Bipartisan Panel sets Goals to Distinguish between Questions of Science and Issues of Policy
August 20, 2009
The Science for Policy Project – a brainchild of the Bipartisan Policy Center –released a report on August 5 th , 2009 calling for improved transparency in the federal regulatory process, and the clear distinction between questions of science versus issues of policy within federal agencies.
The Science for Policy Project (SPP) is chaired by Sherwood Boelhert and Donald Kennedy. Mr. Boelhert was the former Chairman of the House Science Committee, and Mr. Kennedy was the former Director of the Food and Drug Administration. Additionally, the Project is comprised of, “eleven other ideologically diverse members from business, academia, government and non-profits.”
Boelhert summarized the forty-seven page report by saying the, “fundamental theme…is that the Administration needs to put in place procedures to distinguish science questions from policy questions,” because, “often, policy disputes are cast as fights over science. This damages the credibility of science and obscures the real issues that ought to be debated.” When asked for an example of what the report was targeting, Boelhert responded, “for example, how much risk a substance poses to human health or the environment is a science question; how much risk is acceptable is a policy question.”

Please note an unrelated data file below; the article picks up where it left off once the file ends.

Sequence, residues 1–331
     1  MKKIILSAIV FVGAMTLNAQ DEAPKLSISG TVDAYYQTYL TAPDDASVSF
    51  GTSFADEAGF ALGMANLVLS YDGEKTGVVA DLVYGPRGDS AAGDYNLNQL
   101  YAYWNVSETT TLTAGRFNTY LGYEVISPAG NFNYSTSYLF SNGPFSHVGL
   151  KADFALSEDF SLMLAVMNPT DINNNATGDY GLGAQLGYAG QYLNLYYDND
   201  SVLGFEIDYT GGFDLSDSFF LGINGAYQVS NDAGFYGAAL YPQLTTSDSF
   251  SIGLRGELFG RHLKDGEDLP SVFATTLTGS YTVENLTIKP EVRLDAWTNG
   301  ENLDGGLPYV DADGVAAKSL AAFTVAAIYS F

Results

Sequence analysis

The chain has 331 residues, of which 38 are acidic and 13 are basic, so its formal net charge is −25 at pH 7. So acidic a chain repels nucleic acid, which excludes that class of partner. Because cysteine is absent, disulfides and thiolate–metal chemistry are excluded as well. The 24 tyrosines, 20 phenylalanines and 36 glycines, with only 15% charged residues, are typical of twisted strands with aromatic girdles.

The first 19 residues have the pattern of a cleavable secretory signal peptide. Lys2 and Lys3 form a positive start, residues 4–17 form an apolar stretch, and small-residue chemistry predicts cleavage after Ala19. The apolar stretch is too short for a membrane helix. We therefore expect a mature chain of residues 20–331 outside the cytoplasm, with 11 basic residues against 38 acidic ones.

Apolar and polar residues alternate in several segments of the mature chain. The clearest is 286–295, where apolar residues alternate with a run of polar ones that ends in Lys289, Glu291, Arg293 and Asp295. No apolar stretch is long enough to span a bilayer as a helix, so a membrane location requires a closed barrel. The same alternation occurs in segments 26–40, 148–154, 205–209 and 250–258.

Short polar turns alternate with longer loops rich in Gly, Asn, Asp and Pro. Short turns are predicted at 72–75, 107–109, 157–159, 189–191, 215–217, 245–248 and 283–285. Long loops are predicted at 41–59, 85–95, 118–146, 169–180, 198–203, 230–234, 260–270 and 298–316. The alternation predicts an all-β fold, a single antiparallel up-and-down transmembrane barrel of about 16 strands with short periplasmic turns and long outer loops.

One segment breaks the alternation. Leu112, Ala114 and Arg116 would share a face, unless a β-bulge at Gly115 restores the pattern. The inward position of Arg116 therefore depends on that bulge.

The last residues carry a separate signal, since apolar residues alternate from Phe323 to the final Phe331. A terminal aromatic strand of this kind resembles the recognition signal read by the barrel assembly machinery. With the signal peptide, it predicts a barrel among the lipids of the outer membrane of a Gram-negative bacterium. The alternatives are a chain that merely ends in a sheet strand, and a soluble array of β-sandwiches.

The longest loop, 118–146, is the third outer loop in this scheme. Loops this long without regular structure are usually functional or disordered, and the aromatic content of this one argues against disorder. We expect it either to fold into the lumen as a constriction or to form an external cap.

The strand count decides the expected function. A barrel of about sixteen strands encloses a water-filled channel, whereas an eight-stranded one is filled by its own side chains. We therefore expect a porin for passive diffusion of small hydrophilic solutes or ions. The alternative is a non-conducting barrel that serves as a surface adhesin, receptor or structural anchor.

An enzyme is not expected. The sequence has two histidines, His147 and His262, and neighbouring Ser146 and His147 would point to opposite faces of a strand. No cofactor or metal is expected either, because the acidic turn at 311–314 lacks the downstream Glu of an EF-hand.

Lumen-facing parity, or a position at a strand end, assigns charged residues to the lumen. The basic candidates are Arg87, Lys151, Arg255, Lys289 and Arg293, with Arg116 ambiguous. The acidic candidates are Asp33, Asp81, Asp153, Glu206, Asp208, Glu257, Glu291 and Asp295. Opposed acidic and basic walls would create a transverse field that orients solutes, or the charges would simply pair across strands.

Kennedy also added that, “our recommendations would make the regulatory process more rigorous and transparent.”
The recommendations of the report are can be found in the official press release from the Bipartisan Policy Center.
Kennedy also said that, “disagreements over political ideology, economics, and values that are at the heart of many regulatory disputes will be debated more openly and fully if these reforms are implemented. Science will be better protected from unwarranted attacks and political values will be more fully debated.”
An interim version of the panel’s report was
released in March 2009 and the White House used the report as part of the
Administration’s expected guidelines on scientific integrity and regulatory
reform. These guidelines from the White House are expected soon.
The full SPP report may be viewed
Submitted by Peter Lougee, Policy Intern.
#1 Fire science on Sunday September 13, 2009 at 11:56pm
Well he hasn’t done any research of his own for over a decade, unless you count misrepresenting other scientists’ findings as ‘research’.
At this point his income come sfrom the SEPP, which has received funds from both the tobacco and oil industries.
Suffice it to say that Singer’s opinions on global warming should be taken with a grain of salt, just like his opinions on secondhand smoke, acid rain, and the effects of CFCs on the ozone layer. Basically Singer will take whatever position is most beneficial for industry, regardless of what the scientific evidence says.